Bloomington Police: Positive interaction needed ‘now more than ever’

By Lenore Sobota, Pantagraph
Original article HERE

062418-blm-loc-1copPolice handed out stickers, fist bumps, coffee and doughnuts at the Bloomington Farmers Market on Saturday morning — along with the message that they are here to help.

Public outreach, such as Saturday’s “Coffee with a Cop,” is important so people get to know police “in a different way, with a positive interaction,” said Elias Mendiola, the Bloomington Police Department’s public affairs officer.

Mendiola said such public interaction is important “now more than ever.”

That’s not only because of national news involving police controversies but also recent violence in the Twin Cities that has left seven people dead since late April.

“We’re upset as well,” Mendiola said of the shootings. “We’re going to get those that are responsible. … We’re on the side of the victim.”

The recent shootings have sparked several grassroots efforts to bring the community together.

Among them was a “Taking Back the Block” party at Sunnyside Park in Bloomington on Saturday afternoon, organized by Jesica Kaupp of Bloomington.

She said the wounding of a 4-year-old boy in the most recent shooting was “the last straw” for her.

In addition to YouthBuild McLean County, Eastview Christian Church and other organizations that helped out, Kaupp said, “random people have stopped by to drop things off,” from extra ice to craft activities to a kiddie pool.

“This is exactly what our community needs: more people to be there for our kids,” she said.

Several candidates for office attended the block party, including Shayna Watchinski of Bloomington, a candidate for McLean County Board.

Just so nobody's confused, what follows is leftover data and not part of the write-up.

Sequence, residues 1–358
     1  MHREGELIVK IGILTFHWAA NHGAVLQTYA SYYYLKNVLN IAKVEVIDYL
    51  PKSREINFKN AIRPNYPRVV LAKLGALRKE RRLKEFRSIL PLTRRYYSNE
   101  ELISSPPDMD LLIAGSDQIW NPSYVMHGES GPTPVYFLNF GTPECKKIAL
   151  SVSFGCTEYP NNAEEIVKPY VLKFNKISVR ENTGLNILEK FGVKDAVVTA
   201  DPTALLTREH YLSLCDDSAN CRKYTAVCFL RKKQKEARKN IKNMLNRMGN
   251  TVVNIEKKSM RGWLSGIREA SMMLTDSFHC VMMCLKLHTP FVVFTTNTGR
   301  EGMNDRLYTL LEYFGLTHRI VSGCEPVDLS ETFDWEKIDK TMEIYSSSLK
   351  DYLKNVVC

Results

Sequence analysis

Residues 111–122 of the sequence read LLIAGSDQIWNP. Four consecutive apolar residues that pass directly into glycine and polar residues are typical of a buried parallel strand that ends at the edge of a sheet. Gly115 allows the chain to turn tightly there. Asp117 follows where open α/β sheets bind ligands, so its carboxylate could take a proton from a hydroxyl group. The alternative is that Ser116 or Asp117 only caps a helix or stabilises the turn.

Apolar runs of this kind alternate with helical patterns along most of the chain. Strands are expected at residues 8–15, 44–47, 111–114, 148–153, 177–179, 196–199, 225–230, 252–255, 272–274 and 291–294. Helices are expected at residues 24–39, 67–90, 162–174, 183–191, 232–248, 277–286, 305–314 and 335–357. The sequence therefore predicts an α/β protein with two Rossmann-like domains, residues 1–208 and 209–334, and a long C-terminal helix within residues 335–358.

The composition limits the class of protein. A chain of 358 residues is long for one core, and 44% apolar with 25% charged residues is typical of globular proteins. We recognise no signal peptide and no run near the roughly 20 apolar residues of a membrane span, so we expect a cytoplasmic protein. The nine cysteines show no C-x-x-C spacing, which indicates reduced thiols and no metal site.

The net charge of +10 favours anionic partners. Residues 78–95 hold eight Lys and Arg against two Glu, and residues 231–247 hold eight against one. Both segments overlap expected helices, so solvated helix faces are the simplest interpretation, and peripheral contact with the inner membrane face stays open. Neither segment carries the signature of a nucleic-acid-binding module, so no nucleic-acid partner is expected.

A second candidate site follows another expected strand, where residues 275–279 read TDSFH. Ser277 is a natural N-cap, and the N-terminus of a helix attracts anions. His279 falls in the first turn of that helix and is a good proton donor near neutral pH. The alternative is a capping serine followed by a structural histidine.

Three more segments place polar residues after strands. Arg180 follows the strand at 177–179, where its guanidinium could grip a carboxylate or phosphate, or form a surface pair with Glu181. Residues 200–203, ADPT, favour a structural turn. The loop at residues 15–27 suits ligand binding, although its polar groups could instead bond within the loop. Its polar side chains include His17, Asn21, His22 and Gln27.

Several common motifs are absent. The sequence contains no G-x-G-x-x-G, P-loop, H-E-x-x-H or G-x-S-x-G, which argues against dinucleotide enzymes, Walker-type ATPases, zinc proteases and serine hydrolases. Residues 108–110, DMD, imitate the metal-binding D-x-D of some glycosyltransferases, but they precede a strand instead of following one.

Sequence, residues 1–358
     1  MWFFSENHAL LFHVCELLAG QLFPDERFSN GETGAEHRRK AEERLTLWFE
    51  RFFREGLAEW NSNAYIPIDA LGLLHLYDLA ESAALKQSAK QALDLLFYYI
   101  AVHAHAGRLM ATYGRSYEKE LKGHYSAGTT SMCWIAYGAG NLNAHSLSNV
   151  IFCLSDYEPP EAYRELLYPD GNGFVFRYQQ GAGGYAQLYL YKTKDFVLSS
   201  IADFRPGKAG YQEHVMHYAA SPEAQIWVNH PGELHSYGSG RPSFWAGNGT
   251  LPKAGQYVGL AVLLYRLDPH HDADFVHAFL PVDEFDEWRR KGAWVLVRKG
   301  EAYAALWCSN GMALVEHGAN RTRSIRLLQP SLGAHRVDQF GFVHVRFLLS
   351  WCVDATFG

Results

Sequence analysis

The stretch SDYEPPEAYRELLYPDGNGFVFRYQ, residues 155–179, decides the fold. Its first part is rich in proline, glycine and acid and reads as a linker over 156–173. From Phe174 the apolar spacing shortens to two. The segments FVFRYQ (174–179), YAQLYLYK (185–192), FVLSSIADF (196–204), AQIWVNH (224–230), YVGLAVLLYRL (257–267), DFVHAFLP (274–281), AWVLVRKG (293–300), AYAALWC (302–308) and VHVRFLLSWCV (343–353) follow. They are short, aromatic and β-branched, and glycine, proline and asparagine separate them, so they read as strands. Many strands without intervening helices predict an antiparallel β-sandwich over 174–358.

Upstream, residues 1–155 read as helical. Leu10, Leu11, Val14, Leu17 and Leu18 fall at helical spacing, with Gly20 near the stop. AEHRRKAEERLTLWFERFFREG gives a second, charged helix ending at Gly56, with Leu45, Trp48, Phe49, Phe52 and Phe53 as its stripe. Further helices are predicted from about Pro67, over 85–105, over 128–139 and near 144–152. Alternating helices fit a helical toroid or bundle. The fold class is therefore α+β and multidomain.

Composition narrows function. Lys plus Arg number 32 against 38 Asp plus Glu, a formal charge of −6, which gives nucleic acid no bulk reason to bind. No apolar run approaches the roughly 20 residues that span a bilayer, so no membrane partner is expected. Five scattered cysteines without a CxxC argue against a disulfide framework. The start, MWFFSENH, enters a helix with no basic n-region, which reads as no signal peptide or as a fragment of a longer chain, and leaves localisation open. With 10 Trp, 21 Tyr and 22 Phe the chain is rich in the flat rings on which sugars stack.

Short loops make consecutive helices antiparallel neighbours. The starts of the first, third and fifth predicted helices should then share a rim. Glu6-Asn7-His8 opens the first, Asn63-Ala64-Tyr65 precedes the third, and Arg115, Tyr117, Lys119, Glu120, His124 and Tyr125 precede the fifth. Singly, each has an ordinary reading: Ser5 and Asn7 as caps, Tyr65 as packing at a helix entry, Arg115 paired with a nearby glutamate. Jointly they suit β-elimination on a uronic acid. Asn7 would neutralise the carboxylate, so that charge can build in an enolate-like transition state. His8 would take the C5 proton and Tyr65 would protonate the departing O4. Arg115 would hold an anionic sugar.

She said people are looking for ways to help in the aftermath of the shootings and the block party provided that opportunity.

“Jesica is a good example for people who think one person can’t make a difference,” said Watchinski.

Other scheduled activities in Bloomington include a community meeting scheduled for 2:30 p.m. Sunday at Grace Deliverance Church, 622 S. Clinton St., and a prayer walk at 8 p.m. Sunday from Grace Church of the Nazarene, 610 IAA Drive, to the 300 block of Riley Drive, where three men were killed Monday and the boy wounded.

Although “Coffee with a Cop” was already planned before the latest shooting, Mendiola said it was a good event to meet with people.

Members of the Normal Police and McLean County Sheriff’s departments also attended.

“We get a lot of great interaction at all age levels, which is awesome,” Mendiola said of the farmers market. Police also offer public outreach at schools and locations such as the Boys and Girls Club.

Mendiola said such public forums are important not only for police to share their perspective but also to hear the perspectives and experiences of others.

Among those who stopped by the booth was Yasimine Hamilton, a 17-year-old from Bloomington who is interested in a law enforcement career.

Hamilton, formerly a lieutenant in the Bloomington Police Explorer Post, said Twin City police are very community-minded.

Jenifer Milligan of Bloomington stopped by so her 6-year-old daughter could check out the police car on display.

“We are extremely appreciative of all you do,” Milligan told Normal Police Officer Brian Williams, who was handing out stickers and explaining how his body camera works. “Events like this are wonderful for the kids.”